How exactly the backups run?

Hi everyone,

Maybe there was this question before but I must know it for sure. How does exactly the backups running? I’ve got website on my droplet and suddenly everything just broke.

When I click on restore backup it will restore everything like website, sql and other stuff and will work for sure?

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To expand on what @hansen provided, snapshots and backups are full-state backups, meaning they backup your Droplet as-is, in it’s current state.

When you restore from a snapshot or backup, it restores the Droplet entirely, not just specific data. If you need to be able to recover specific data, such as a single database, one or more files, etc, then it would be best to setup some sort of backups on the server and store them offsite to block storage or another medium.

For example, if you had Apache, MySQL, and PHP on the Droplet, along with multiple databases and a few hundred files, and you restore from a snapshot, all of that is recovered. You can’t (as of this reply) pick and choose what you want to restore.

You can, however, restore the image to another Droplet, access it, and pull down the data you need. I have done that in a few cases for clients where that was all they had and restoring from a full backup wasn’t ideal or feasible. Once done, you can then destroy the Droplet that you brought online to pull data from.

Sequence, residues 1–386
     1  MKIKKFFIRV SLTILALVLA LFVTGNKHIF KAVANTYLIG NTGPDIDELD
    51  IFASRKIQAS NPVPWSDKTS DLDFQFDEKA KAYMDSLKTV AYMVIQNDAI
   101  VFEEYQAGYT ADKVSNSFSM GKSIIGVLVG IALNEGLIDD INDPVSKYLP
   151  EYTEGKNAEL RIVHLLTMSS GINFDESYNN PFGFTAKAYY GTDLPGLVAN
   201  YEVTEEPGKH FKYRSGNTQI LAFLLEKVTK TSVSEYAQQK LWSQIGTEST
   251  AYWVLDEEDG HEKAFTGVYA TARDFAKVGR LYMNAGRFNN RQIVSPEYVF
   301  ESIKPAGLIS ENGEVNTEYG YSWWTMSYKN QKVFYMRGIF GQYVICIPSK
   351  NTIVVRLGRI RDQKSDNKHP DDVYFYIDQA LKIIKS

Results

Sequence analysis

When it comes to backups, the snapshot and backup service is nice to have, though I wouldn’t rely on it exclusively. You should still implement other forms of backup – whether it’s storing to block storage or sending them to another data center.

Hi @brzezickiandrzej

I’m guessing you’re talking about the DigitalOcean Droplet Backup.

It will take a so-called “snapshot” of the entire droplet. When you restore, it will restore to the exact point from when the backup was taken.

It will restore the droplet, so if you’re storing data on Block Storage or if you keep your database on a different droplet, then it won’t restore that.

Is there a guarantee that it is 100% bullet-proof and will always work for sure? No. That’s why you should always have multiple backups, in different locations, using different backup methods. Known words from a major breakdown at GitLab, which they publicly wrote about: So in other words, out of five backup/replication techniques deployed none are working reliably or set up in the first place.

You can read more about the DigitalOcean’s droplet backup system: